Fort Randall Dam
|Fort Randall Dam|
The Fort Randall Dam is an earth embankment dam impounding the Missouri River in South Dakota, United States and forming Lake Francis Case. It is one of six Missouri River dams, four being located in South Dakota.
The dam was authorized by the Flood Control Act of 1944 and plays a key role in the Pick-Sloan Plan for development of water resources in the Missouri River basin. The Corps of Engineers began construction of Fort Randall Dam in 1946, and it was the first Pick-Sloan dam completed by the Omaha District. President Dwight D. Eisenhower threw the switch that started the first power generating unit in 1954. When completed in 1956, Fort Randall Dam and the Lake Francis Case Project cost approximately $200 million.
The eight generating units of the Fort Randall Dam are capable of generating 40 megawatts of electricity each, with an annual production of 1.727 billion kilowatt hours. The combined maximum capacity of 320 megawatts is enough to supply 245,000 households, according to the Corps of Engineers. The river behind the dam drains an area of 263,480 mi² (682,410 km²). Its reservoir, Lake Francis Case, has a surface area of 102,000 acres (41,000 ha) at maximum operating pool, coinciding with a volume of 5,700,000 acre feet (7.0×109 m3).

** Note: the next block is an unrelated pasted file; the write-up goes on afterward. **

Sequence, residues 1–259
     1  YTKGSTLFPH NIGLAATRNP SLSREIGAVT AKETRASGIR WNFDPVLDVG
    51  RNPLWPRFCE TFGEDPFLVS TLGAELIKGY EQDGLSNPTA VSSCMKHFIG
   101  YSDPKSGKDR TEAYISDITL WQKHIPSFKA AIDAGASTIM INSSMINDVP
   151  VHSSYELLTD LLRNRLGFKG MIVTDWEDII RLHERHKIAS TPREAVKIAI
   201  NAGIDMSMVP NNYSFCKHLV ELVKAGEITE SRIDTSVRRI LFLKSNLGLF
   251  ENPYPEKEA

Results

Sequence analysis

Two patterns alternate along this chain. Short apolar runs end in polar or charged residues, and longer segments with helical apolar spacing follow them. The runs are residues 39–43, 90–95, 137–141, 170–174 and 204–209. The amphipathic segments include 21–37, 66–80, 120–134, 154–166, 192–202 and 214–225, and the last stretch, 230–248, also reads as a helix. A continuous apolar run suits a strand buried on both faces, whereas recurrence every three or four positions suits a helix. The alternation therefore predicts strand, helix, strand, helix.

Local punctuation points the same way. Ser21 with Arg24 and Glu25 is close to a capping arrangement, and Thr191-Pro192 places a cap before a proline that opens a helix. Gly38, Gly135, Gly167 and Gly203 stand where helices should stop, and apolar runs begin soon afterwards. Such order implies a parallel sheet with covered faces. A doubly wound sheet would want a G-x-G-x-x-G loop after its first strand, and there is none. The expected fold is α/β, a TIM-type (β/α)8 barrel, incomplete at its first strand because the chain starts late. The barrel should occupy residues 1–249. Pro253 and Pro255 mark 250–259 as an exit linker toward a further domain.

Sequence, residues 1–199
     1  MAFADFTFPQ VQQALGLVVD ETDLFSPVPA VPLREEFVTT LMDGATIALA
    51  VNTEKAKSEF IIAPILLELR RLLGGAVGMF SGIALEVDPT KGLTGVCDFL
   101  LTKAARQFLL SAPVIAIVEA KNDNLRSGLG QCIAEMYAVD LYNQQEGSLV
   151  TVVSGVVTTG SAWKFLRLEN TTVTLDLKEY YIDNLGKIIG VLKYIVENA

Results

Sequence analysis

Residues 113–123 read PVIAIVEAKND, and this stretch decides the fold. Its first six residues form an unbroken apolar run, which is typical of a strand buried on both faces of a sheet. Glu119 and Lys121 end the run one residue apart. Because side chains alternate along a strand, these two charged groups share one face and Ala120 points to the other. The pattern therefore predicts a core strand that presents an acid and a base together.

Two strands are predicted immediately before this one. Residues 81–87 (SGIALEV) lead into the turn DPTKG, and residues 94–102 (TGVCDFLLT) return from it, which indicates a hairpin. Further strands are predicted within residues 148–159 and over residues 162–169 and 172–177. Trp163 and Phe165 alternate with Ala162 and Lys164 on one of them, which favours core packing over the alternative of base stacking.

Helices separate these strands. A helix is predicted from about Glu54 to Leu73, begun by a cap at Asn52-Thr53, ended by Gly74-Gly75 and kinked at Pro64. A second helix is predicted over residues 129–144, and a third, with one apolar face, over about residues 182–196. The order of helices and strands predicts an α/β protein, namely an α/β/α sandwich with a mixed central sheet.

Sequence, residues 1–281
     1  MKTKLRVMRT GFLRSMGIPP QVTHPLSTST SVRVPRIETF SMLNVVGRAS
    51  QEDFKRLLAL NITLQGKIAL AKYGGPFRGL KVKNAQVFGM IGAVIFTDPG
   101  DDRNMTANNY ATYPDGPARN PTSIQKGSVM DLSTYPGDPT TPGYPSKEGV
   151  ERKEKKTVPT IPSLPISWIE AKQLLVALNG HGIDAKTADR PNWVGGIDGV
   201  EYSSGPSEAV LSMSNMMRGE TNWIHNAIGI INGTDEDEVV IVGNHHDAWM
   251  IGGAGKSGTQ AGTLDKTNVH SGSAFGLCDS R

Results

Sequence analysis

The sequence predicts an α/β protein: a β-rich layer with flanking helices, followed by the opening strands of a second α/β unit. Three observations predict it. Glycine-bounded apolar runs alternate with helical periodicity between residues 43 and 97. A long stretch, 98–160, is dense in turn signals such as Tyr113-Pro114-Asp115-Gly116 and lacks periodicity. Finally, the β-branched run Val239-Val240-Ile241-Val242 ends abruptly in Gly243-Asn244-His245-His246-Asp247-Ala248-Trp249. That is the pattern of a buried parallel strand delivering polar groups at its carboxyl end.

The Fort Randall Dam is located in southeast South Dakota within sight of its namesake Fort Randall at Coordinates: (GNIS); by Pickstown, South Dakota on the east bank of the river; 12 miles (19 km) west of Wagner, South Dakota, and 25 miles (40 km) northeast of Spencer, Nebraska, on US 18/US 281.
In June 2011, in response to the 2011 Missouri River Floods, the dam was releasing over 143,000 cubic feet per second (4,000 m3/s), which greatly exceeded its previous record release of 67,000 cu ft/s (1,900 m3/s) set in 1997.
The Fort Randall Visitor Center is located on the western edge of Pickstown, South Dakota along U.S. Highway 281 and 18. Open from Memorial Day through Labor Day, the visitor center offers a view of Fort Randall Dam, Lake Francis Case and the Missouri River. Exhibits highlight the dam's construction, area natural and cultural history and paleontology. There is also a freshwater aquarium with fish species found in the Missouri River.
- "Summary of Engineering Data – Missouri River Main Stem System" (PDF). Missouri River Division. U.S. Army Corps of Engineers. August 2010. Retrieved 2012-08-17.
- "Missouri River Mainstem Reservoir Bulletin" (pdf). Army Corps of Engineers. Retrieved 18 June 2011.[permanent dead link]
- "Fort Randall Dam & Lake Francis Case". U.S. Army Corps of Engineers. Retrieved 17 December 2014.